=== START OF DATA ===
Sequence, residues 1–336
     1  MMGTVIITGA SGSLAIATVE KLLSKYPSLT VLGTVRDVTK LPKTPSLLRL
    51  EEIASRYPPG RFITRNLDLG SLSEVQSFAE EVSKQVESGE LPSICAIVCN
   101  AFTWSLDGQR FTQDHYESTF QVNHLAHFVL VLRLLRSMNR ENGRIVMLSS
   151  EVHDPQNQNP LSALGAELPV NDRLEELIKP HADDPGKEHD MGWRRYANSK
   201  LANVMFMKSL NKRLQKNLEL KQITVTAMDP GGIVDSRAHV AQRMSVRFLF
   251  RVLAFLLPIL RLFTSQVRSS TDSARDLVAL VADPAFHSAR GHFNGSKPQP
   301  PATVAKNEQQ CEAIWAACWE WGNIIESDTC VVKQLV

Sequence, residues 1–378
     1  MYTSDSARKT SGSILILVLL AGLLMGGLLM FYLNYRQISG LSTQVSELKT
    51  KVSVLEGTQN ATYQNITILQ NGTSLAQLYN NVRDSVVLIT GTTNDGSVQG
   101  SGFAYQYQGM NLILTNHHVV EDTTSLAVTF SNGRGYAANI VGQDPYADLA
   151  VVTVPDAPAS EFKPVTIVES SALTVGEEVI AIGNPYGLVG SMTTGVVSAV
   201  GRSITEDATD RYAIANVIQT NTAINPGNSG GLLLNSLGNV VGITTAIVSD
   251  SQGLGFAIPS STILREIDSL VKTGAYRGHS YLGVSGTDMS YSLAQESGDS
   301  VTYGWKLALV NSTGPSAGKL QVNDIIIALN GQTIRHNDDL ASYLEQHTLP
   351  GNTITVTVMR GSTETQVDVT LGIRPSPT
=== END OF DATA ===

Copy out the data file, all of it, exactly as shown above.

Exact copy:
Sequence, residues 1–336
     1  MMGTVIITGA SGSLAIATVE KLLSKYPSLT VLGTVRDVTK LPKTPSLLRL
    51  EEIASRYPPG RFITRNLDLG SLSEVQSFAE EVSKQVESGE LPSICAIVCN
   101  AFTWSLDGQR FTQDHYESTF QVNHLAHFVL VLRLLRSMNR ENGRIVMLSS
   151  EVHDPQNQNP LSALGAELPV NDRLEELIKP HADDPGKEHD MGWRRYANSK
   201  LANVMFMKSL NKRLQKNLEL KQITVTAMDP GGIVDSRAHV AQRMSVRFLF
   251  RVLAFLLPIL RLFTSQVRSS TDSARDLVAL VADPAFHSAR GHFNGSKPQP
   301  PATVAKNEQQ CEAIWAACWE WGNIIESDTC VVKQLV

Sequence, residues 1–378
     1  MYTSDSARKT SGSILILVLL AGLLMGGLLM FYLNYRQISG LSTQVSELKT
    51  KVSVLEGTQN ATYQNITILQ NGTSLAQLYN NVRDSVVLIT GTTNDGSVQG
   101  SGFAYQYQGM NLILTNHHVV EDTTSLAVTF SNGRGYAANI VGQDPYADLA
   151  VVTVPDAPAS EFKPVTIVES SALTVGEEVI AIGNPYGLVG SMTTGVVSAV
   201  GRSITEDATD RYAIANVIQT NTAINPGNSG GLLLNSLGNV VGITTAIVSD
   251  SQGLGFAIPS STILREIDSL VKTGAYRGHS YLGVSGTDMS YSLAQESGDS
   301  VTYGWKLALV NSTGPSAGKL QVNDIIIALN GQTIRHNDDL ASYLEQHTLP
   351  GNTITVTVMR GSTETQVDVT LGIRPSPT